In respect of placing unreasonable expectations on young people, years ago, we used to say, ”You should try to be the very best you can be.” Somewhere along the line it changed into, “You can do anything that you dream of doing.” The second statement is patently false, and can end up being very cruel. I saw this at the University of Guelph, with students devastated because their dream – or, worse, their parents’ dream for them – to be accepted into the veterinary program had been dashed because they did not get good marks in their chemistry course. No matter how much I might have dreamed about playing for the Blue Jays (or growing up in England, playing for the England cricket team!), it wasn’t going to happen. I am useless at connecting bat to ball.
In the second part of the Gospel story, Jesus sent the disciples out in pairs to preach and undertake a healing ministry. The disciples were told to travel without extras – no money, no change of clothes, no food. They had to depend on the hospitality of the people they met. And if the residents of a particular village were unfriendly, they were not to bother further, but to shake the dust off their sandals, as a way of saying that this village was a lost cause for their ministry. Jesus had already done just that when he got a negative reception to his own ministry in his home town. When the people rejected him, he left Nazareth and – in the sentence that links the two stories – “He went about among the villages teaching.” Jesus shook the dust of Nazareth off his feet and went elsewhere – there were plenty of other villages to evangelize. It is similar to what happened in the recent provincial election. Like most of our street, we had a Green Party Mike Schreiner sign on our lawn, so no Conservative or Liberal or NDP candidates came knocking on our door – there was no point in bothering with our house. Those other candidates figuratively shook the dust of our house from their feet. There were plenty of other people in Guelph to go and canvass/evangelize.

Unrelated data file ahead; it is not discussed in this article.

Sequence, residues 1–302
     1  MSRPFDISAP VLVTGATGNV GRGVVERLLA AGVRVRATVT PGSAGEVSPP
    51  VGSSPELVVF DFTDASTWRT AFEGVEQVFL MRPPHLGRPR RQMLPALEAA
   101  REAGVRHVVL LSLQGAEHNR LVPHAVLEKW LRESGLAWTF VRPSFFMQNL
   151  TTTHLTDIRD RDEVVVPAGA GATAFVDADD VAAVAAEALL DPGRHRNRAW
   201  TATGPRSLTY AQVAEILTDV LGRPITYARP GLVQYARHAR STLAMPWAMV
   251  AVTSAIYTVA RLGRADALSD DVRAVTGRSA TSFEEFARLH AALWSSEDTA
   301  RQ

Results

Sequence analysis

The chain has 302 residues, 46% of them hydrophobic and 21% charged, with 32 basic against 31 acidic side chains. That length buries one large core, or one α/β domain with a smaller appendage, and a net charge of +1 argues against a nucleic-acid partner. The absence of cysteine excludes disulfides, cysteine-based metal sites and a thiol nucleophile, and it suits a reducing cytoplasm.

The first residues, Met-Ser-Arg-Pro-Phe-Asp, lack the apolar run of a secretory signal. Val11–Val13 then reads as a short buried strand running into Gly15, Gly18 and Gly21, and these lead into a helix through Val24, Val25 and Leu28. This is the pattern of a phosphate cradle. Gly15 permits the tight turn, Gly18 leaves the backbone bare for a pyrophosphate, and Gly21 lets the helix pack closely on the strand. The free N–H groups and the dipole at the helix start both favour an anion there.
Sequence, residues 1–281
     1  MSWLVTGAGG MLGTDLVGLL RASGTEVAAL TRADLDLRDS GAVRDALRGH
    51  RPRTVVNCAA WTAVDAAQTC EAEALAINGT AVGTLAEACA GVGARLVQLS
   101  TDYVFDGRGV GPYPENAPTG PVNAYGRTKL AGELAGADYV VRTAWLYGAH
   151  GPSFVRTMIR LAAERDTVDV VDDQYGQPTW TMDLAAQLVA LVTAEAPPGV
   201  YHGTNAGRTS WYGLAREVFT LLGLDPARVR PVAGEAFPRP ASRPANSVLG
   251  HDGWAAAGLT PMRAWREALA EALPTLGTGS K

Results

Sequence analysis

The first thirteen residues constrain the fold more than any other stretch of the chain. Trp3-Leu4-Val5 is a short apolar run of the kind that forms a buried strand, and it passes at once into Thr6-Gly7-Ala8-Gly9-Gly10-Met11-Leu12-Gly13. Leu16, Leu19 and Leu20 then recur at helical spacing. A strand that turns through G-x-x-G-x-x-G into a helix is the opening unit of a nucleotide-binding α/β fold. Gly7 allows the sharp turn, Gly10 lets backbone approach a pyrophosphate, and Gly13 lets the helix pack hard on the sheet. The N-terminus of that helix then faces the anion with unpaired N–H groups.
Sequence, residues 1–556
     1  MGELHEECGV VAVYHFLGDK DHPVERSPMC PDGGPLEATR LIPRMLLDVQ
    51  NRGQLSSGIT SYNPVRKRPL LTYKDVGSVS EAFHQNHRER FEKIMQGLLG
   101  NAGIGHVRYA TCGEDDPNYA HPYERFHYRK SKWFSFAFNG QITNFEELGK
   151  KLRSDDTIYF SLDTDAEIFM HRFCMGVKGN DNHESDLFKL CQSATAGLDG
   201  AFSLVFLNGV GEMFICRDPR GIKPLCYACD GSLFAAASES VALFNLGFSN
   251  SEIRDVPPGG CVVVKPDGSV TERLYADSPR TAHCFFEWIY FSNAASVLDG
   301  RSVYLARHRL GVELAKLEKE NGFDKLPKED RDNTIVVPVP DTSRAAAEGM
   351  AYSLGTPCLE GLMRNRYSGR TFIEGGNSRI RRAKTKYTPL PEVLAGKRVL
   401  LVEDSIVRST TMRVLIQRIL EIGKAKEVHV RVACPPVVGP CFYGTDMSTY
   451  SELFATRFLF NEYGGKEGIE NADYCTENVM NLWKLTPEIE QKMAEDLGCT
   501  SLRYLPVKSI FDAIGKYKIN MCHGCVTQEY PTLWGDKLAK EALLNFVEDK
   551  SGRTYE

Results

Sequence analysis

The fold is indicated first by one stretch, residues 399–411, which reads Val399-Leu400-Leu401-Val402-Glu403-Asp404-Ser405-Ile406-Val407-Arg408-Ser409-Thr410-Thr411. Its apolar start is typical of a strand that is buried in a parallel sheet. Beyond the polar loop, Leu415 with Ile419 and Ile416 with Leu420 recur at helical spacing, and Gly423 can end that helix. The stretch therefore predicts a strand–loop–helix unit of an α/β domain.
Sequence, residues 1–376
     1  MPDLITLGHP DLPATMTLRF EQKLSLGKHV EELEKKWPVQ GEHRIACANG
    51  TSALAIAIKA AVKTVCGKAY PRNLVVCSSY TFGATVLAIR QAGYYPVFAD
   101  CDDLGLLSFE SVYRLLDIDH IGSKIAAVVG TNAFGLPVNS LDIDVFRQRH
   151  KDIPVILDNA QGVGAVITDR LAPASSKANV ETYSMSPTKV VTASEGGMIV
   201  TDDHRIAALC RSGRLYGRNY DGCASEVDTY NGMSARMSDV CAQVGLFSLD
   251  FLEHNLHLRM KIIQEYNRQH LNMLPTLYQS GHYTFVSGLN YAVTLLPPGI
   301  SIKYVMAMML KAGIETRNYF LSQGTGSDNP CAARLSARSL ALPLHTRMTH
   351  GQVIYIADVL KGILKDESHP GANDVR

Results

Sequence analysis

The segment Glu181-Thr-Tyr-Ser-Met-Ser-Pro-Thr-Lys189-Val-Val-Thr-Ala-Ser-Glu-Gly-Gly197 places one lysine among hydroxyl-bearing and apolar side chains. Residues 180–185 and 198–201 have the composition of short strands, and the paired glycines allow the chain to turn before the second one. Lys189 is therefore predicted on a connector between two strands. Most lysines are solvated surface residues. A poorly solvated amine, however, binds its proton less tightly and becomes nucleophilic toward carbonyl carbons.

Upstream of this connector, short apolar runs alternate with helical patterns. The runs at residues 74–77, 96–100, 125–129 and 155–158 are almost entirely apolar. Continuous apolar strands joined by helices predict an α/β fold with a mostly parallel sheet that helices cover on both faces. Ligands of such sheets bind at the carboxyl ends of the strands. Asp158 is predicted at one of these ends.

I have already said that Jesus’ rejection in his home town is connected to the story of the disciples’ ‘mission trip’ to the outlying villages. The disciples had cast out many demons, and cured many sick people, so the overall result of the mission trip had been positive. Although I’m sure that the disciples had encountered some unfriendly villages, they seem to have returned in good spirits.
But there is also a link between these stories and today’s baptismal promises. We plan to keep our promises – with God’s help – but we know that we will not always succeed. However, if we think about it, we realize that the advice Jesus gave the disciples is the parallel to all sorts of ordinary proverbs. “When the going gets tough, the tough get going.” “Hope for the best but prepare for the worst.” “You can’t always get what you want.” Most relevant of all – “If at first you don’t succeed, try again.” Jesus acted on this sort of ordinary advice and told his disciples to do the same.
There is no deep theology in today’s Gospel reading. It is simply a pair of stories that contain pearls of ordinary wisdom for ordinary people like ourselves. These homespun adages are time-tested advice for how to face life’s challenges. They relate to the baptismal promises that we are making on behalf of Grady today. When we mess up or things don’t go the way we hoped, we could dress this up in the theological language of our second baptismal promise, namely, “Will you persevere in resisting evil, and whenever you fall into sin, repent and return to the Lord?” Or we could imagine God saying to us in ordinary language, “If at first you don’t succeed, you just have to try again.”